Stars and strife


Morning broke with fog so thick the Army helicopter pilot couldn’t see the tips of his Huey’s rotors. It was Jan. 6, 1968, a very bad day for U.S. soldiers near Chu Lai in South Vietnam.

But neither the perilous weather nor fierce enemy fire kept Maj. Patrick Henry Brady from accomplishing what nine other medical evacuation helicopters had tried but failed to do: Fly six times into the breach to rescue 51 severely injured troops, many trapped under attack or scattered in a minefield.

Brady went through three UH-1H helos on those missions, including one he managed to fly even after part of its controls had been shot away. By nightfall, the three aircraft bore more than 400 holes from shrapnel and weapons fire. For his valor and “intrepidity in action” that day, Brady would later receive the Medal of Honor.

Now, 38 years later, Brady, 69 and a retired Army major general, is engaged in another all-consuming mission, this one to save the American flag from those who would abuse it. Ask him why, and he tells you his motivation is the same as that which fueled him in Vietnam — serving and protecting America, its freedoms and ideals.

“The flag is the physical embodiment of those values,” said Brady, who, for the past decade, has been chairman of the Citizens Flag Alliance, a coalition of more than 140 veterans, fraternal and civic groups dedicated to amending the Constitution to allow Congress to outlaw burning or any other physical desecration of Old Glory.

But Brady is not the only decorated Vietnam veteran commanding an ideological army in this high-emotion debate, which moves front and center next week — the week before the Fourth of July — in Washington and appears poised to be decided by a single senator’s vote.

On the other side of the argument is Gary May, an ex-Marine who says he joined the service in 1967 out of a sense of duty to the country he loved, only to become disaffected by what he saw in Vietnam and after.

Now a social-work professor at the University of Southern Indiana in Evansville and the leader of an Indiana veterans group opposed to the war in Iraq, May lost two limbs in Vietnam, two months after he shipped there.

Walking point in a rice paddy on a night reconnaissance patrol southwest of Da Nang, he was felled by an enemy land mine, which took both his legs above the knees. He left the Marine Corps decorated with a Bronze Star with a combat “V” for valor.

Since 1999, May, 57, has headed the group Veterans Defending the Bill of Rights, which advocates shielding the Constitution against attempts to weaken its protections of free speech and dissent — a category he believes includes the burning of a U.S. flag.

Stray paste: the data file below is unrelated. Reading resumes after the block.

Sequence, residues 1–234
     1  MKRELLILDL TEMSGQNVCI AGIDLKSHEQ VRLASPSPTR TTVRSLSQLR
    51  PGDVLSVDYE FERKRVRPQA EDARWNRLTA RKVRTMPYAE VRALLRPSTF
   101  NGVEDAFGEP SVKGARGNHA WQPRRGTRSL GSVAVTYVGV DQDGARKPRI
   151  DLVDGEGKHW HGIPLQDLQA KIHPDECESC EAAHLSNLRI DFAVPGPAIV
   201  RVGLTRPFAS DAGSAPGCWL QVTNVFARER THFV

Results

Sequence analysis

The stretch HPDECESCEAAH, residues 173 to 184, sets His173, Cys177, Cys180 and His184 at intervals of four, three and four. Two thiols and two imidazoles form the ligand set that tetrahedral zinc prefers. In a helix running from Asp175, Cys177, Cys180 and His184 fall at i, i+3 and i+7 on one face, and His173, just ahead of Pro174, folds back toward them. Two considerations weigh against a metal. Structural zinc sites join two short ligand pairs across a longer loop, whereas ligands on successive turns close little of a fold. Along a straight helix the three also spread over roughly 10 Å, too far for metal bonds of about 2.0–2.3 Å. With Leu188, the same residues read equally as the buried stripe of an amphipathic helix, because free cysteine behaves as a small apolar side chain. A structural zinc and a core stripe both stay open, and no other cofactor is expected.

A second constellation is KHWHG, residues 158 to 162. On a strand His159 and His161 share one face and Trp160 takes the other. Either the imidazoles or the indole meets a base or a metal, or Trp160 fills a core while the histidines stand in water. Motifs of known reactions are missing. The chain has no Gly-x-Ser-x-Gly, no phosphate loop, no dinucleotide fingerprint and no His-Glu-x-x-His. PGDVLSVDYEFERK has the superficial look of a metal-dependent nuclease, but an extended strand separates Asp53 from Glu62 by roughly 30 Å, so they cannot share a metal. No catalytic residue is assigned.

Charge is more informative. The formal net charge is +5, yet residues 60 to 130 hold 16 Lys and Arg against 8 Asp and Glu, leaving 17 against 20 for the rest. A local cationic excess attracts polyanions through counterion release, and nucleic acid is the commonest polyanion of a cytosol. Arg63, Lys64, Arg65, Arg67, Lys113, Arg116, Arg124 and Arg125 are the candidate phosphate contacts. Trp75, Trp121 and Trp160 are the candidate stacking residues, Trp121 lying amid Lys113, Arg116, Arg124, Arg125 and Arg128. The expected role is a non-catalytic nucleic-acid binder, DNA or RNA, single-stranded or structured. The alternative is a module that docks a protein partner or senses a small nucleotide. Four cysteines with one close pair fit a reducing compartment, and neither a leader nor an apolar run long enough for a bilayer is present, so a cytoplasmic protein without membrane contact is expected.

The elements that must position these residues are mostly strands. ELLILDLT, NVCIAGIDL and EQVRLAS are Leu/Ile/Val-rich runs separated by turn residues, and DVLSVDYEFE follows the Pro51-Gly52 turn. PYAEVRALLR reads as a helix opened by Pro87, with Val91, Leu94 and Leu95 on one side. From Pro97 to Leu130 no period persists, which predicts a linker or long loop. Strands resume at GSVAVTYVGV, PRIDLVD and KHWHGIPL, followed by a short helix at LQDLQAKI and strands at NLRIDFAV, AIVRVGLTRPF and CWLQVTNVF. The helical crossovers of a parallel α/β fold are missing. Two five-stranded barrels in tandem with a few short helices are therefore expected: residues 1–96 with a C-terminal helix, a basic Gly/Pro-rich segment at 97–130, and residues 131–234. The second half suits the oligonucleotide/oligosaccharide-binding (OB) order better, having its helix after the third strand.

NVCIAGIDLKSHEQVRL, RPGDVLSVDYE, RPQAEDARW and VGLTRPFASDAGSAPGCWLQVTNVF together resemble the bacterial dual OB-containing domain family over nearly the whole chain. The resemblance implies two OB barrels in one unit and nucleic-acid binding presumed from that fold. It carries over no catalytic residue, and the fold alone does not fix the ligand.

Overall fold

“The real question is this: Is the symbol more important than the freedom?’ ” May asked as he waited in an airport on a recent trip to spread the word in Washington.

The causes of the two men — whose paths nearly crossed during the Vietnam War, when members of Brady’s unit apparently evacuated May after he was wounded — are about to collide on Capitol Hill.

The Senate is scheduled to debate the flag-burning question the week of June 26. And, unlike past congressional battles over the polarizing subject, this one could be pivotal.

The controversy was born almost exactly 18 years ago, when the Supreme Court narrowly ruled on June 21, 1989, that flag-burning is a form of speech. As such, it is protected under the Constitution’s First Amendment and not subject to outlawing by Congress or state legislatures — except by amending the Constitution.

But rather than settling the issue, that 5-4 court ruling triggered an escalation of the debate, which has roiled Congress off and on since then. A similar Supreme Court ruling in 1990 also figured into the discussion.

A proposed constitutional amendment must first be approved by two-thirds of the House and the Senate.

Six times, the House has embraced Brady’s argument. A year ago, in the chamber’s most recent move, lawmakers voted 286-130 to support the proposed 17-word amendment: “The Congress shall have power to prohibit the physical desecration of the flag of the United States.”

And the Senate, which has been a perennially insurmountable obstacle, now is within one vote of approving it as well, according to various headcounts of supporters. The battle has never before been this close.

Senators are scheduled to take up the high-emotion issue the week of June 26, with the goal of having a vote before the Fourth. If the Senate passes it, what would be the 28th amendment to the Constitution would move next to the states for ratification.

Brady is confident that, should the amendment finally pass muster on Capitol Hill, the required 38 states would approve the measure, given that all 50 legislatures are on record as supporting a flag-protection law.

“All we are saying is let the people decide,” said Brady, who calls both San Antonio and the Seattle area home.

With the backing of the mighty American Legion, the nation’s largest veterans organization, Brady estimates that he’s logged nearly 1 million miles on his coast-to-coast missions to drum up support for the amendment. He’s even postponed badly needed hip-replacement surgery until after the Senate vote.

But an analysis of what looms ahead even if the amendment is ratified might give him pause.

The First Amendment Center, a nonpartisan educational organization at Vanderbilt University in Tennessee, predicts that adoption of a flag-protection measure is certain to trigger challenges by the American Civil Liberties Union and other allied groups of any legislation enacted in Congress to implement it. Then, there would be court battles over enforcement of flag-protection laws.

“Passage of a constitutional amendment would only be the beginning of a long series of disputes over flag desecration,” the 2005 study concludes.

(Contact Lisa Hoffman at HoffmanL(at)shns.com)

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